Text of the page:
7. Cloud Provider
A cloud provider is a company that offers some component of cloud computing – typically IaaS, SaaS or PaaS – to businesses and/or individuals. Today, the public cloud market is consolidating around a handful of major players such as Amazon, Google, Microsoft, IBM and Rackspace. Smaller channel companies that fall into this category may be using those public cloud providers on the back end for infrastructure and compute support, but for their own business model be building private clouds for their customers. Private cloud development includes selling any on-premises infrastructure that may be necessary to support the implementation. Revenue is generated through recurring pricing.
8. IT Distributor
Distributors act as an intermediary between tech vendors and the channel firms that resell their software, hardware and other services and solutions. Essentially the hub in the tech go-to-market supply chain, distributors have morphed from basic product fulfillment entities to the channel to more complex organizations that provide training, support, financing and billing assistance. Since 2010, market-leading distributors Ingram Micro, Tech Data, Avnet, Synnex, Arrow and others have created cloud-reselling programs around emerging technology offerings to accommodate new market realities. Additionally, some have made investments in telecom services aggregation, reflective of the convergence of the traditional IT channel and the agent-based channel that sells carrier services to business.
9. Custom Systems Builder
Also called ‘white-box’ resellers, these firms generate revenue predominantly from designing, building and delivering their own brand of hardware infrastructure. Most typically these products are custom-built laptops, desktops, servers and other pieces of hardware.
10. Web Developer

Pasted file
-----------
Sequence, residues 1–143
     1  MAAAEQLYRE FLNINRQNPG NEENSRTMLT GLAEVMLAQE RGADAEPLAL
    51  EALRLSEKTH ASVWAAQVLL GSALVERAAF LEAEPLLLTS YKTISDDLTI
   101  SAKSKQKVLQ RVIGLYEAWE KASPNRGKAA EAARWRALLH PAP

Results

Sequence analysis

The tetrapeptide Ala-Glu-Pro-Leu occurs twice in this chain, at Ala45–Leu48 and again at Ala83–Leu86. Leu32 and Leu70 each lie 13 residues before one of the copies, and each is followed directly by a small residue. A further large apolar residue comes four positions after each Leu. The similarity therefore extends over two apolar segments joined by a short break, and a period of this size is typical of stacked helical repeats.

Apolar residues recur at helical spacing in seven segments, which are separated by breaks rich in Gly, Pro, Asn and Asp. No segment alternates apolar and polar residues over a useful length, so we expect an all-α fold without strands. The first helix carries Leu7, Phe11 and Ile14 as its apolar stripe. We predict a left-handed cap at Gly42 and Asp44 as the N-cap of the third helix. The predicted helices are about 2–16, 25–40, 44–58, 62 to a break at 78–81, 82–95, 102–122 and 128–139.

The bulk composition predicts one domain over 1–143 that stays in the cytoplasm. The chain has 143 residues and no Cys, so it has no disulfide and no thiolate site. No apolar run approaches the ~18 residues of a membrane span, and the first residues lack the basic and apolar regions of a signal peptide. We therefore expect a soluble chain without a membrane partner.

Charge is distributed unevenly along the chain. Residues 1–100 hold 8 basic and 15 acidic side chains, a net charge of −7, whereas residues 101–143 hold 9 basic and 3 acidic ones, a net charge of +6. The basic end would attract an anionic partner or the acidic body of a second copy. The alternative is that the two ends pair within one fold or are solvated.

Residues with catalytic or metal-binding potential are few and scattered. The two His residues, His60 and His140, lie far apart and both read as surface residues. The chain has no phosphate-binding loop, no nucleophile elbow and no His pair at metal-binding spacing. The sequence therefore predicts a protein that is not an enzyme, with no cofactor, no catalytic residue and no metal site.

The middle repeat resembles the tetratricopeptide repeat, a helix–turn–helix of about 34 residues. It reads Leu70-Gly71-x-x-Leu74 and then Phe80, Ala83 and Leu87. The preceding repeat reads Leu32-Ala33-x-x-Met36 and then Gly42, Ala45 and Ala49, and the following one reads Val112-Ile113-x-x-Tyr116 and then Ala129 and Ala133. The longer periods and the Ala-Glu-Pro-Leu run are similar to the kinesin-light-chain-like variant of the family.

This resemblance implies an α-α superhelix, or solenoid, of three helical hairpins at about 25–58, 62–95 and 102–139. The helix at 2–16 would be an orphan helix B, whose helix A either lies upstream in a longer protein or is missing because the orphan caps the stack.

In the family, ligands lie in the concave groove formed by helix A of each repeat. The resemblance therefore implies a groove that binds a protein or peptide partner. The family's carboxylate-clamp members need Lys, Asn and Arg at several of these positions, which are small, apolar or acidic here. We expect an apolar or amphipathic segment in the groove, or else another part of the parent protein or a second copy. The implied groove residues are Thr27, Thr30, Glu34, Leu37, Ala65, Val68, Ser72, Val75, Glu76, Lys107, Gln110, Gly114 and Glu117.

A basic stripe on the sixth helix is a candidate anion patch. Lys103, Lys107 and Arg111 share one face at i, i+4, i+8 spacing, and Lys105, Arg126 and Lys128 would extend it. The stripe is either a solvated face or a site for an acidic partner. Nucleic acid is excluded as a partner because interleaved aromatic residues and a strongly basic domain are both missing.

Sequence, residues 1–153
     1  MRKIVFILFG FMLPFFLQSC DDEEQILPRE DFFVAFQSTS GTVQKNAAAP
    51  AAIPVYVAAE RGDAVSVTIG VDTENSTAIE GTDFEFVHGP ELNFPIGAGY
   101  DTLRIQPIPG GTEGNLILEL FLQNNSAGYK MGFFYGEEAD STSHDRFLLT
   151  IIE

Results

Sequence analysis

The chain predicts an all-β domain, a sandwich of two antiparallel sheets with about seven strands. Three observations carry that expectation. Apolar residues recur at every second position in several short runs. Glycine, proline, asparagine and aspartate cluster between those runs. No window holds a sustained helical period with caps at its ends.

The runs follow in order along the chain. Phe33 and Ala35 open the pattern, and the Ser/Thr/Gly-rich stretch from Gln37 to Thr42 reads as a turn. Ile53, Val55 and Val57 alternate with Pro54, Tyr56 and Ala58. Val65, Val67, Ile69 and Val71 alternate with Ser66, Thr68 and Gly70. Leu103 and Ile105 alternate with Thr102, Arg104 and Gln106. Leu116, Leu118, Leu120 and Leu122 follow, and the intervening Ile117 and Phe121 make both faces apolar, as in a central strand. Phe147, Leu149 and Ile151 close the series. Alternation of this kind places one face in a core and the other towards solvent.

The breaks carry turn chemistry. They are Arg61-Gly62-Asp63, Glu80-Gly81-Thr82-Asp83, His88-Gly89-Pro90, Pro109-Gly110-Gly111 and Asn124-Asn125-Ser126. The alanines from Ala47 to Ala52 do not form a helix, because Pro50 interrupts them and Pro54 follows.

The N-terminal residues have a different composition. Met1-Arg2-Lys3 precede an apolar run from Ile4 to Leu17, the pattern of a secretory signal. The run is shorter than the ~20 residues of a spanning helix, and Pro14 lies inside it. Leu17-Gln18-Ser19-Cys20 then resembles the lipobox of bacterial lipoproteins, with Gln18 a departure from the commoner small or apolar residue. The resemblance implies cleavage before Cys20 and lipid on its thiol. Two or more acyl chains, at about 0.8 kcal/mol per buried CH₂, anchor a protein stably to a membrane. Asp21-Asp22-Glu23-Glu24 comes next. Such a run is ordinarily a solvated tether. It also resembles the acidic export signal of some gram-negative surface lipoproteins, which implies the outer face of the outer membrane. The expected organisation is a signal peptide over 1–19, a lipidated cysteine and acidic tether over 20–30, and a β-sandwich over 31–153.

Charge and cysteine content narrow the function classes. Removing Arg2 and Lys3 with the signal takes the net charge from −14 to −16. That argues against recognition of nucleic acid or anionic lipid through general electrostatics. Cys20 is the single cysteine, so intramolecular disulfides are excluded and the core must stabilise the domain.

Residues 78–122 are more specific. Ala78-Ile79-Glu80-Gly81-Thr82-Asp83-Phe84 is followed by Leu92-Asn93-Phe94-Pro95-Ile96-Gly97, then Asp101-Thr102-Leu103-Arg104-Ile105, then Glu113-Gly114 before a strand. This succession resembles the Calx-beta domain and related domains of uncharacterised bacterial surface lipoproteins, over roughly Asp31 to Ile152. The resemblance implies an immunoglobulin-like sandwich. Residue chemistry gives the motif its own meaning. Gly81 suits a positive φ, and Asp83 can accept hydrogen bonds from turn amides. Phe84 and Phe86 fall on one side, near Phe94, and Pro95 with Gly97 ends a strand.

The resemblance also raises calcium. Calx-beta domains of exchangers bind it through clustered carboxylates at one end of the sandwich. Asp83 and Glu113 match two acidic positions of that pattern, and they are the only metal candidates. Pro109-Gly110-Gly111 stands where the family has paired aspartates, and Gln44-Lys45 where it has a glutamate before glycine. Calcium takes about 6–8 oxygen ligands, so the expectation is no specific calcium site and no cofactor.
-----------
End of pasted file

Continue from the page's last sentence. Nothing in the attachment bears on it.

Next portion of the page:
Web developers’ revenue comes predominantly from development of Web sites for businesses and individuals. They typically handle all programming aspects of creating a Web site, including HTML programming, creating graphics, links, and other related tasks of building Web sites. Mobile application development is fast-becoming an in-demand sweet spot for those specializing in this business model, as more and more companies need their Web sites to be mobile-friendly for use on smart phones and tablets.
11. Telecom Services Provider
A telecommunications service provider (TSP) is a type of communications service provide, including competitive local exchange carriers (CLECs), incumbent local exchange carriers and mobile wireless communications companies. Revenue comes predominantly from providing network services (NSP), Internet services (ISP), or VoIP services. They generally take and retain title to product.
12. Telecom Agents
Telecom agents represent the indirect channel middlemen and front line for the major telecom carriers. They include master agents, which serve a role similar to IT distributors in aggregating carrier services that can then be delivered by an ecosystem of sub-agents and independent agents. Those latter two groups sell recurring revenue-based contracts with end user customers of voice/data telecom services.